Fact Checks

There is no evidence that black garlic can prevent cancer, health experts say
Multiple posts shared repeatedly on Facebook and Twitter claim that black garlic, a type of aged garlic often used as an ingredient in Asian cuisine, has properties that can decrease the chances of developing cancer "sixfold". The claim is misleading; health experts say there is insufficient scientific evidence that black garlic can prevent cancer; Thailand’s National Cancer Institute warns that excessive consumption of black garlic can result in unwanted side effects.

COVID-19 Data-Reporting Changed, But Not Florida’s Case Count
As Florida’s COVID-19 case count rose to the second-highest in the U.S. in July, a former challenger for House Speaker Nancy Pelosi’s congressional seat falsely claimed on social media that the Centers for Disease Control and Prevention had made a “mistake” and subsequently reduced Florida’s count by 79,000 cases. There was no such adjustment.

Fit people are not immune to COVID-19
A post shared thousands of times on Facebook claims the novel coronavirus does not affect people who are very fit or thin. This is false; the pandemic has shown that nobody is immune to COVID-19, and experts called the claim "dangerous."

Video does not show Hurricane Hanna toppling US border wall
A video claiming to show strong winds from Hurricane Hanna knocking over part of the border wall between the United States and Mexico has been viewed hundreds of thousands of times on social media in English and Spanish. But the claim is false; US authorities said that the incident dates from before the storm.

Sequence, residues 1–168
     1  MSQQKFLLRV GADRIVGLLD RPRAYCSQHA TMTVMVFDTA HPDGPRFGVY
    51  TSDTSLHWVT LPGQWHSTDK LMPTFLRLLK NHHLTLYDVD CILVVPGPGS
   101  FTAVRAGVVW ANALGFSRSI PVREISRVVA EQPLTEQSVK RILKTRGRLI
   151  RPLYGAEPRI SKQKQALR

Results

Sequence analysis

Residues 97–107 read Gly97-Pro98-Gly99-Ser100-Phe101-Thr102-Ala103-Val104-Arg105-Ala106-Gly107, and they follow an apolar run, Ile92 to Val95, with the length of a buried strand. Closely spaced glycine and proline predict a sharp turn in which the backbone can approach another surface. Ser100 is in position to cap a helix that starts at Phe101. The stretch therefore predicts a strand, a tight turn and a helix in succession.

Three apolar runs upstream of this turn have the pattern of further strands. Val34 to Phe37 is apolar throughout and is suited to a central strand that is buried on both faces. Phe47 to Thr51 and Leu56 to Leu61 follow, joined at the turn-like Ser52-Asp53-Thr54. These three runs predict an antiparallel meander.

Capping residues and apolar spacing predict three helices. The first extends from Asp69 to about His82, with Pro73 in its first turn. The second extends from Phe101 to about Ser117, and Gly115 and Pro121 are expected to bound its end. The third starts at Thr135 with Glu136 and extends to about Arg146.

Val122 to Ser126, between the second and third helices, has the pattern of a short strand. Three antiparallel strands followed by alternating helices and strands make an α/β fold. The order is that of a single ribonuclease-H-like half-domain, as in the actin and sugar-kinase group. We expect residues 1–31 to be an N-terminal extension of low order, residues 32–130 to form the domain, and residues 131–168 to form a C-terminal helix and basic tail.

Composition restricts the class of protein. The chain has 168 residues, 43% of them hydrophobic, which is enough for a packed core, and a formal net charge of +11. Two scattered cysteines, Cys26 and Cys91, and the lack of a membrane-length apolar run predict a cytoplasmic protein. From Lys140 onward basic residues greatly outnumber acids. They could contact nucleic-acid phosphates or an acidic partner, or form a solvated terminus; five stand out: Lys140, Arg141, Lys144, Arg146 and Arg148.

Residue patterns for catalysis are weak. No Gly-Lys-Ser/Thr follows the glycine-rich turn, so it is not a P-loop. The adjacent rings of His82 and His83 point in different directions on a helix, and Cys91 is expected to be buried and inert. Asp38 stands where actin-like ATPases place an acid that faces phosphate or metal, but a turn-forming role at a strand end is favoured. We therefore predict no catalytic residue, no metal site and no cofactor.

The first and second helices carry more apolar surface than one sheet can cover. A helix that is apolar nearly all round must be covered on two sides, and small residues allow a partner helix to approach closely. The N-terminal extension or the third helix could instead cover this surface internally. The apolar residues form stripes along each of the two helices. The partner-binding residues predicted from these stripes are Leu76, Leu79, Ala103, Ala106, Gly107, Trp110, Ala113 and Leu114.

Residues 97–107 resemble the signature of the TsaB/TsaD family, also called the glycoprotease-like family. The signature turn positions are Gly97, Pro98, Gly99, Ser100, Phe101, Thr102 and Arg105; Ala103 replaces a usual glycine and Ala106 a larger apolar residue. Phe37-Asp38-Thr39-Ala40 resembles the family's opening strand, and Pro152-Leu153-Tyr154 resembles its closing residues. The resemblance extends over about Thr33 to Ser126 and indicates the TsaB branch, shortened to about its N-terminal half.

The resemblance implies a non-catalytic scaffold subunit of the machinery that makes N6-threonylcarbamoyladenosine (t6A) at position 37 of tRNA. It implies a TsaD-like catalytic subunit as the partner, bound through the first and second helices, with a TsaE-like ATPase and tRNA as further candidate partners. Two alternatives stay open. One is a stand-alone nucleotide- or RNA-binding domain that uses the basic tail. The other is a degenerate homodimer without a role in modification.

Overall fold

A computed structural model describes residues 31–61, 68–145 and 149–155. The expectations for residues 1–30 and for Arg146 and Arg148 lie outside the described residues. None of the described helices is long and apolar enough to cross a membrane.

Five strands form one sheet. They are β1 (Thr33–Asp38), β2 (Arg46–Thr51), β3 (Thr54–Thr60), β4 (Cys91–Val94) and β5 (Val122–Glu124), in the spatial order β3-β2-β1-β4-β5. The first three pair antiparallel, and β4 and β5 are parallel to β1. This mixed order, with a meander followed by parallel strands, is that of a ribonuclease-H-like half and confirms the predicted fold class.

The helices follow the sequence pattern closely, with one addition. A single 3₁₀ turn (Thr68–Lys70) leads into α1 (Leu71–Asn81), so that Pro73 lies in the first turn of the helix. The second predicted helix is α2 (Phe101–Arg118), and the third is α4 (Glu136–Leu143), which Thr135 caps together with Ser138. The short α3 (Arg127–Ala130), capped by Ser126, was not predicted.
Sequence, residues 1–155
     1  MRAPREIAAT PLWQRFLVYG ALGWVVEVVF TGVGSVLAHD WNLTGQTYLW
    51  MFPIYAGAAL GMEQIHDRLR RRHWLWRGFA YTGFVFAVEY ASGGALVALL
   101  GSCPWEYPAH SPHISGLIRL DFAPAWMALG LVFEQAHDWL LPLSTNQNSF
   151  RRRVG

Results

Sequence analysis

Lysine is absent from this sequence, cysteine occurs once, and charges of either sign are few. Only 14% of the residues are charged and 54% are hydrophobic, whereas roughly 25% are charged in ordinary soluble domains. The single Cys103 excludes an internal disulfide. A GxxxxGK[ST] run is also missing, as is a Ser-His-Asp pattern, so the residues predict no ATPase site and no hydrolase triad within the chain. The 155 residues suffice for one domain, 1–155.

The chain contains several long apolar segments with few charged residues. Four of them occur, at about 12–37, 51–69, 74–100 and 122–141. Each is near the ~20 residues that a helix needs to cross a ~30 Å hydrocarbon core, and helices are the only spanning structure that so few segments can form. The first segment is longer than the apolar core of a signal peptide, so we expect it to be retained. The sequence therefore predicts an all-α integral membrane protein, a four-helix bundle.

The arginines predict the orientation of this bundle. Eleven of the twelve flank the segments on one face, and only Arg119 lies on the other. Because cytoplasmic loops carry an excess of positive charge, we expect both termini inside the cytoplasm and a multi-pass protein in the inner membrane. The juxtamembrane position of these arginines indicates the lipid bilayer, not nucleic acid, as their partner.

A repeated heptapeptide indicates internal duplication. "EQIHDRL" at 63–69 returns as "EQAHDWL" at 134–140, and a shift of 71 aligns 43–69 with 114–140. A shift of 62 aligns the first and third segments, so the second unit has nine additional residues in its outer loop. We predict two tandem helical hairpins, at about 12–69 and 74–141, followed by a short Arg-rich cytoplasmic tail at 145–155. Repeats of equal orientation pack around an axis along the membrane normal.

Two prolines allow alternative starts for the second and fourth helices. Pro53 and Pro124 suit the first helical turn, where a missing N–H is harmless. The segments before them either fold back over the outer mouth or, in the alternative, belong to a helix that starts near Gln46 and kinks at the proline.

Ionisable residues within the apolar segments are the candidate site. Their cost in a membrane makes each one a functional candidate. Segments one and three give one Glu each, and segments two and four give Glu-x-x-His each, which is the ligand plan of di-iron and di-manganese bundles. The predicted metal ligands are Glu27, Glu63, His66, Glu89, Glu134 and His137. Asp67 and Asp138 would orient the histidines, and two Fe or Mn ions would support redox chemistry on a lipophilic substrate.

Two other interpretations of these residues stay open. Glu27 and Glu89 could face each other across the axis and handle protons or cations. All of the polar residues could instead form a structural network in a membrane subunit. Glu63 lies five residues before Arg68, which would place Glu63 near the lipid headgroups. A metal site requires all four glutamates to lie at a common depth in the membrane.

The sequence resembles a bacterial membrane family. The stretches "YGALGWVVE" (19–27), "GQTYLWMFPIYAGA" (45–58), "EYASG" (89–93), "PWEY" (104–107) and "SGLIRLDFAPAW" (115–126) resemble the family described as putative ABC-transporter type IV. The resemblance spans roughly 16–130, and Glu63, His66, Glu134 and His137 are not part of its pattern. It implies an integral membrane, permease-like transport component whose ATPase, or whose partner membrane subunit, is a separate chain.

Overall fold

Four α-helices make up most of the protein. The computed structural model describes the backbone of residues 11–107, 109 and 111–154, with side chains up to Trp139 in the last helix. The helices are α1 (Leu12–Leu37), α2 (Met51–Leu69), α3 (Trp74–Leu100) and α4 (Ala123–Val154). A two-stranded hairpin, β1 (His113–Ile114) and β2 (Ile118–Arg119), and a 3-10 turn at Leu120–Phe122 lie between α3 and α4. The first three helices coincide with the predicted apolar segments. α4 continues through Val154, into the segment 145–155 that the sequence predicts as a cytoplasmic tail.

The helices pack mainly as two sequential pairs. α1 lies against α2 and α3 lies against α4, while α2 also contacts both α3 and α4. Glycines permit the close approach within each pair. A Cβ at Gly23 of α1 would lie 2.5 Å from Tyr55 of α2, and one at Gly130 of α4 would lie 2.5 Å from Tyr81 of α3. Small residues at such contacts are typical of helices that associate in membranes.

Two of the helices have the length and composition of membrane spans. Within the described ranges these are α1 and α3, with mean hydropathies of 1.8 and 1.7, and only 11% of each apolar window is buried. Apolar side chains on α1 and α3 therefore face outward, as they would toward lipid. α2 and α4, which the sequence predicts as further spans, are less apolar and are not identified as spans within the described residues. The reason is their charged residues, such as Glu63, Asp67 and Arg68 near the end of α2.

Joe Biden does not own island next to sex offender Jeffrey Epstein’s hideaway
Social media posts claim that Joe Biden owns an island near the one where the late sex offender Jeffrey Epstein was accused of abusing girls in the US Virgin Islands. The claim is false; a property database in the territory does not contain the presidential contender’s name, and his campaign spokesman said Biden has never owned a Caribbean island.

Herman Cain Died of COVID-19, Not Cancer
Within hours after his passing, Facebook posts falsely claimed that former Republican presidential candidate Herman Cain died of colon cancer, not COVID-19. Cain did battle and survive cancer in 2006, but his staff confirmed online that his death was due to the novel coronavirus.